Wincenciak, Joanna, Egan, Christopher D and Willis, Alexandra (2010) Walking, talking and looking: effects of divided attention on gaze behaviour and visual search performance in a real-world environment. Perception: ECVP abstract supplement, 39. p. 35. ISSN 0301-0066
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Visually-guided behaviour in the laboratory may not always reflect that in larger-scale environments, using more realistic tasks. (eg Smith et al, 2008 Cogn Process 9 121-126). Here, we explored (1) what people look at; (2) how quickly they find a target; and (3) whether divided attention (counting backwards in 7 s from 100) influences performance in a large-scale, active, visual search task in a real-world environment. Fourteen young adults (19–25 years) were asked to locate a target (white postcard) in a shop window as they walked along a pavement in Edinburgh, UK, under both ‘control’ and ‘divided attention’ conditions. Eye movements were recorded using a head-mounted eye tracker and coded manually according to object-based (‘what’) and location-based (‘where’) categories. Measurements were made from the point of first fixation on the correct shop display. Participants fixated significantly less often on task-relevant objects, and took significantly longer to find the target in the ‘divided attention’ condition compared with the control. No differences were found in terms of location-based (‘where’) categories. This suggests that real-world visual search performance in large-scale environments requires the activity of limited capacity, central attentional resources, but that visual scanning strategies (‘where’ we look) may not.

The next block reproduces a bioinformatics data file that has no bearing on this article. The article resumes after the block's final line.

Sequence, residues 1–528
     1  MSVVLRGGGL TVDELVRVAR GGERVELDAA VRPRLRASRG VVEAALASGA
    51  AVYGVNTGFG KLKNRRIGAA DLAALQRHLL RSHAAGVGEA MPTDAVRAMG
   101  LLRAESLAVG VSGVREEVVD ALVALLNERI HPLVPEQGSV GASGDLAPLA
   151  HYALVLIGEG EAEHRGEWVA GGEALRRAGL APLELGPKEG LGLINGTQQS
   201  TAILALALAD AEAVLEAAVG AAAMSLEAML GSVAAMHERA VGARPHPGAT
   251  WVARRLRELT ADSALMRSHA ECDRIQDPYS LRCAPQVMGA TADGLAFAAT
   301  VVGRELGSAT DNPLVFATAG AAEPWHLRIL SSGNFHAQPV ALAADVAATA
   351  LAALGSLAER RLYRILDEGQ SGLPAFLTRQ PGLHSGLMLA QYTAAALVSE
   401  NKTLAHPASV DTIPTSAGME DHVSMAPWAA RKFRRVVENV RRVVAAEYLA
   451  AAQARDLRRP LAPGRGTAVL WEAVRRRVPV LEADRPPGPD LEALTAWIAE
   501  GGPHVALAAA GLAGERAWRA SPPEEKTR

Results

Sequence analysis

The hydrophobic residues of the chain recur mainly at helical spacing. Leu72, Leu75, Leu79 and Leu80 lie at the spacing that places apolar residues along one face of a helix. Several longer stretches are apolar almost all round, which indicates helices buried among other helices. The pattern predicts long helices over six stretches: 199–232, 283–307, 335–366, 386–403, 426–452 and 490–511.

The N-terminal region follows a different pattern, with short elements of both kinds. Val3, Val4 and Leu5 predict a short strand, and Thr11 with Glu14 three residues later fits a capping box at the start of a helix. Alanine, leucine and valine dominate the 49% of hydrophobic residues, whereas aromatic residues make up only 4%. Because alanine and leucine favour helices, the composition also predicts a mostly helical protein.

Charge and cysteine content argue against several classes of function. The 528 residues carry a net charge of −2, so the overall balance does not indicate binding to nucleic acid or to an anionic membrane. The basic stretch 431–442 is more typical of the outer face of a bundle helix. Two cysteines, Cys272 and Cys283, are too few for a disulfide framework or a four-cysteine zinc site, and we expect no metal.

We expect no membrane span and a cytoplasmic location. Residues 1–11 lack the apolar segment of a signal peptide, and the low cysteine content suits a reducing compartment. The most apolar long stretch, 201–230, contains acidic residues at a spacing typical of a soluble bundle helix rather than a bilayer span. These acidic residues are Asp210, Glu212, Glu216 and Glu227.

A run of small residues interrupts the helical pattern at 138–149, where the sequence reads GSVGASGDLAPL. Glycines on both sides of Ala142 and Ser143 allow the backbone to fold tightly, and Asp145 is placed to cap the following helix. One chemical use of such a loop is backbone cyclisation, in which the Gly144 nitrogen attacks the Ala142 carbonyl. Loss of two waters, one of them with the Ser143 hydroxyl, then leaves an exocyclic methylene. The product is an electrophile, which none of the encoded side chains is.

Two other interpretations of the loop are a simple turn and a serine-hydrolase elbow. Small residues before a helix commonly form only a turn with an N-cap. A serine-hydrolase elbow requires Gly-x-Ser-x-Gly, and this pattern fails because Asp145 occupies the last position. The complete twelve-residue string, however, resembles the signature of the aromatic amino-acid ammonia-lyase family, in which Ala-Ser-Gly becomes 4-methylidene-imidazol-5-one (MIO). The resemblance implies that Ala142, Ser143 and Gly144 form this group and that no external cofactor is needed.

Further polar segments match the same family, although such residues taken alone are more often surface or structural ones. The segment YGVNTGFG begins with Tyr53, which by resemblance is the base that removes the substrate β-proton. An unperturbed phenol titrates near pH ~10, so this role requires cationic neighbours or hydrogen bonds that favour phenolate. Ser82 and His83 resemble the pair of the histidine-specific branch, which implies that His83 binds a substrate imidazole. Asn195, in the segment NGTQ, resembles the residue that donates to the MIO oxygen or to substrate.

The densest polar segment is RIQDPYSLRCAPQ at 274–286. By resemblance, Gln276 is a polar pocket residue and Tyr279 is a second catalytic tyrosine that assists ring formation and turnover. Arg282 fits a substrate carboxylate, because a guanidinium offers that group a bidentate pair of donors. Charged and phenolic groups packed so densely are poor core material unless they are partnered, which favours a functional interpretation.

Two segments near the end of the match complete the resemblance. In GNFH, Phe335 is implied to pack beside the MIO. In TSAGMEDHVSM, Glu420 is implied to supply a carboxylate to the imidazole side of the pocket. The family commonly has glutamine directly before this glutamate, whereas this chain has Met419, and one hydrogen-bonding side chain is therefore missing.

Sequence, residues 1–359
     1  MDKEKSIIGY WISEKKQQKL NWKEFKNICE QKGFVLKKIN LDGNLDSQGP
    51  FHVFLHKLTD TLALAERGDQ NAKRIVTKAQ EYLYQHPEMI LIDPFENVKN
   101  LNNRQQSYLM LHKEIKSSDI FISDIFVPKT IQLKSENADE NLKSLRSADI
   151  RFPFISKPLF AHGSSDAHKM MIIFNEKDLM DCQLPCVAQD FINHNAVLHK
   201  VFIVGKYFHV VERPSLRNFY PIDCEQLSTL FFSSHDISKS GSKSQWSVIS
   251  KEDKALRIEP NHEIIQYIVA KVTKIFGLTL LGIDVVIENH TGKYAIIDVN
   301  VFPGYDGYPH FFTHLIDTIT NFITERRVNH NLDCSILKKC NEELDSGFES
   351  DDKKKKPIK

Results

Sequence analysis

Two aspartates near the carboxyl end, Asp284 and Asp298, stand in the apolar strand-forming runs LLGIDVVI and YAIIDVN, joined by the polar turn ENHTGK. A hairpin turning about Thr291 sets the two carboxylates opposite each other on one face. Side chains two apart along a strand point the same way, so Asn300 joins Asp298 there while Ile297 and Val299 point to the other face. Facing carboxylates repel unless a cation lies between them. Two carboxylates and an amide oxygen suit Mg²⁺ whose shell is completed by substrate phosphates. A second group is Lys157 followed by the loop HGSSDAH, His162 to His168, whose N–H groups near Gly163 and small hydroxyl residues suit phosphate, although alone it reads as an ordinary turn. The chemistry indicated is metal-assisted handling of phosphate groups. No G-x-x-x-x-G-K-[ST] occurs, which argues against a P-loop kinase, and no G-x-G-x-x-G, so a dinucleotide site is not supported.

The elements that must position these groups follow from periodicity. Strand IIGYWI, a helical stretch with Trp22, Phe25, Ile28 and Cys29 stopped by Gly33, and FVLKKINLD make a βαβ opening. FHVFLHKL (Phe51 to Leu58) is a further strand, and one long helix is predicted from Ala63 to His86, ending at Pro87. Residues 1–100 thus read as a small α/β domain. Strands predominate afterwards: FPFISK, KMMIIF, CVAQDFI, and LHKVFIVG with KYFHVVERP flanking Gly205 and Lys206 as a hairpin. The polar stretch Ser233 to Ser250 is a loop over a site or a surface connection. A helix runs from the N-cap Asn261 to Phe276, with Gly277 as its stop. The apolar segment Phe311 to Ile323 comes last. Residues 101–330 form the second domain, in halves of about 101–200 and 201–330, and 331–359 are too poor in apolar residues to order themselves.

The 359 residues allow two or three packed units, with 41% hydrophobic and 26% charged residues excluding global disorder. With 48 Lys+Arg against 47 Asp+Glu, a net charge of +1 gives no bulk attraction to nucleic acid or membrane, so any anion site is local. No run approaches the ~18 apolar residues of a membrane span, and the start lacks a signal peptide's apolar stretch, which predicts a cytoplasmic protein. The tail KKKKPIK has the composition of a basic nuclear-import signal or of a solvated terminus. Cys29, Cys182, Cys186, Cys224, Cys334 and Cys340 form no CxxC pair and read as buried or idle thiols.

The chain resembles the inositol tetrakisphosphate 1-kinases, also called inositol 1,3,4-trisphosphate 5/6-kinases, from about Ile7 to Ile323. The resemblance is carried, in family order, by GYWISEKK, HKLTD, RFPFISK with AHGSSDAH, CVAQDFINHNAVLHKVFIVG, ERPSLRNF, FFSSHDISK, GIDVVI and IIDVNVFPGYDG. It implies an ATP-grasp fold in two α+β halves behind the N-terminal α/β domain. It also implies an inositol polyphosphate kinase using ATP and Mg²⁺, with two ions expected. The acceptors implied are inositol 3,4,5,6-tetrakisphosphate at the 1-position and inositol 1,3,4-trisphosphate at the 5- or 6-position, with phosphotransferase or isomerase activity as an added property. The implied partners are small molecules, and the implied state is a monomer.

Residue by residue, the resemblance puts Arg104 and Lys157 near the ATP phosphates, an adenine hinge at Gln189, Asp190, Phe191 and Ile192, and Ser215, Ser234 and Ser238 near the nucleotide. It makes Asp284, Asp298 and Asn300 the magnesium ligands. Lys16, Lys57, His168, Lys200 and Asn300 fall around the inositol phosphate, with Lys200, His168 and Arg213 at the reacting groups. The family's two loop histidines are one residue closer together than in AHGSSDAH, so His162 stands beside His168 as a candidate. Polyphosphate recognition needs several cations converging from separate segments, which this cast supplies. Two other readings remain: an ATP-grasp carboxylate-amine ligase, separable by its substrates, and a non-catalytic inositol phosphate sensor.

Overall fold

|Uncontrolled Keywords:||eye-movements; visual search; real-world; attention; working memory|
|University Divisions/Research Centres:||Faculty of Health, Life & Social Sciences > School of Life, Sport and Social Sciences|
|Dewey Decimal Subjects:||300 Social sciences > 380 Commerce, communications & transportation > 388 Transportation; ground transportation|
|Library of Congress Subjects:||H Social Sciences > HE Transportation and Communications|
|Depositing User:||Dr Alexandra Willis|
|Date Deposited:||20 Jun 2012 13:07|
|Last Modified:||14 Dec 2012 16:47|
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